If the government defaults, New Mexico might lose 37,500 jobs 2023

Moody’s Analytics said on May 10 that New Mexico might lose 37,500 jobs if the federal government fails for a lengthy time.

This paper describes two probable outcomes: the U.S. defaults and then recovers, and a prolonged default.

The research says a breach has a 10% chance. “If a breach occurs, it will likely be brief. Even a long standoff is now possible. What was inconceivable is now a threat.”

According to the article, the default deadline is June 8, but economics can amend it.

Tax income is down 40% from the previous year.

The study blames the unanticipated shortfall in April tax collection on the deferral of the tax reporting deadline to October 16 for disaster-area taxpayers in California, Alabama, and Georgia and fewer capital gains tax revenues.

“It is also important to note that the X-date maybe June 8 as we forecast, but a few days later the Treasury will benefit from a mid-June surge of quarterly payments of non-withheld taxes owed by higher-income taxpayers. Thus, the Treasury could pay government payments on schedule for the rest of June. This may diminish politicians’ immediate urgency to act, depending on financial markets.

Long-term default might hurt New Mexico.

With two national laboratories, three Air Force bases, five National Forests, 18 National Park sites, two designated National Parks, and the U.S. Army-run White Sands Missile Range, New Mexico has more federal personnel than most states.

Besides federal installations and jobs in New Mexico, a hack might affect state income.

“On average, one-third of state revenue comes directly from federal grants to help pay for public services like health care, education, and infrastructure,” Pew Charitable Trust fiscal federalism project manager Rebecca Theiss stated.

“Federal spending also helps states’ economies and tax revenues through military contracts, employee wages, and payments to individuals, including food stamps and social security benefits.”

A short-term default, even for a few days, might cost New Mexico 5,000 jobs, according to the analysis.

Short-term default would increase unemployment to 5.2 percent from 3.5 percent. A prolonged default would raise unemployment to 7.7%.

Two scenarios, one economy, and a recent similar incident

Despite efforts by the highest-ranking U.S. government officials, the debt ceiling situation continues.

The government might default for a week or longer.

The research predicts “a TARP moment” and a stock market plunge.

“This hearkens to the dark day in autumn 2008 when Congress initially failed to pass the Troubled Asset Relief Program bailout of the banking system, and the stock market and other financial markets cratered,” the paper adds.

“It’s hard to imagine lawmakers letting things get this far, but the TARP experience shows it’s possible. Still, if that terrifying experience is any indication, Congress would immediately change direction and settle the debt limit standoff to allow the Treasury to issue debt and pay its bills.”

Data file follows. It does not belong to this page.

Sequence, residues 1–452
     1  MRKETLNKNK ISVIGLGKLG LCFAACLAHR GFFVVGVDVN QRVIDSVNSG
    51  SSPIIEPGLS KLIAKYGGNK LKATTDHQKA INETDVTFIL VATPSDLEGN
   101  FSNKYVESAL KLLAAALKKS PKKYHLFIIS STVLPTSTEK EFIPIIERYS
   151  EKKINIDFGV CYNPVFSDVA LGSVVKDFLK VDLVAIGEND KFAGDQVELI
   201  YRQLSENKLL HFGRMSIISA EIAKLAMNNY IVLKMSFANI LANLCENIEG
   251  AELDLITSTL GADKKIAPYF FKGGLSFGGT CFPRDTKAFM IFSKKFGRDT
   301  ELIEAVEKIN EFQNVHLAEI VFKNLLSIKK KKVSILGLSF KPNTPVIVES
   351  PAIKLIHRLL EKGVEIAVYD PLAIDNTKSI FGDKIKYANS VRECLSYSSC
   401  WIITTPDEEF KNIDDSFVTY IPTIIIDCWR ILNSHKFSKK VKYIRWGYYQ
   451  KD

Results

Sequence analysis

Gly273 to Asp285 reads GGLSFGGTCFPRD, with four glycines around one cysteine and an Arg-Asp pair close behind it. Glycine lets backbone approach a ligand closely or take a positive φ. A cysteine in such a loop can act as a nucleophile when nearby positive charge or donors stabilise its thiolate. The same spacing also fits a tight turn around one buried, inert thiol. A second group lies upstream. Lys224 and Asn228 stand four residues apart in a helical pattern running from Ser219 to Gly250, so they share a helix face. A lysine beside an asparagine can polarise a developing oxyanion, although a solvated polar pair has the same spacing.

If the U.S. credit rating drops like it did in 2011, the consequences might be dire.

The paper indicates that a downgrade of Treasury debt would trigger credit implications and downgrades on the debt of many additional financial institutions, nonfinancial firms, municipalities, infrastructure providers, structured finance transactions, and other debt issuers.

“Fannie Mae, Freddie Mac, and the Federal Home Loan Banks, which are clearly backed by the U.S. government, would suffer the biggest rating changes. Other institutions’ ratings would rely on their ties with the U.S. government and countervailing financial strengths.”

The research argues that even if the default were undone within a week, the cascade of issues to downgrade would undermine the country’s frail economic structure.

“Despite lawmakers’ quick reversal in this scenario and our assumption that the rating agencies do not engage in downgrades, considerable damage will have already been done,” the paper adds. Even without a debt ceiling violation, CEOs and economists expect a recession.

Goldman Sachs predicted a 25–65% recession in 2023.

“With the Federal Reserve ramping up interest rates to quell wage and price pressures, avoiding a recession would be difficult even if nothing else went wrong,” the Moody’s study adds.

According to Moody’s, an uncorrected default would be devastating.

“We assume in these circumstances that the credit rating agencies would downgrade Treasury debt, precipitating widespread financial system downgrades,” the paper adds. Since Treasury income cannot exceed outlays, the federal government would have to cut spending.

If a June 8 debt ceiling breach continued into July, the Treasury would have to cut government expenditure to erase a $150 billion cumulative cash imbalance. These cuts would devastate growth. Consumer, corporate, and investor confidence loss would worsen the economy.”

The debt ceiling dispute is making financial professionals and everyday Americans nervous about the nation’s economic destiny.

The 2011 and 2013 debt limit crises caused consumer sentiment to drop, the survey said.

“The brinkmanship is also unnerving for businesses that will curtail investment and hiring, and for financial institutions that will quickly turn more cautious in extending credit to households and businesses,” the paper reads.

Moody’s expects a prolonged economic slump will affect the stock market, unemployment, and other economic issues similarly to the Great Recession.

After meeting Tuesday afternoon, the White House and congressional leadership intend to meet Friday before the deadline.

White House and congressional aides will meet daily to develop a strategy before the Friday meeting.

Leave a Reply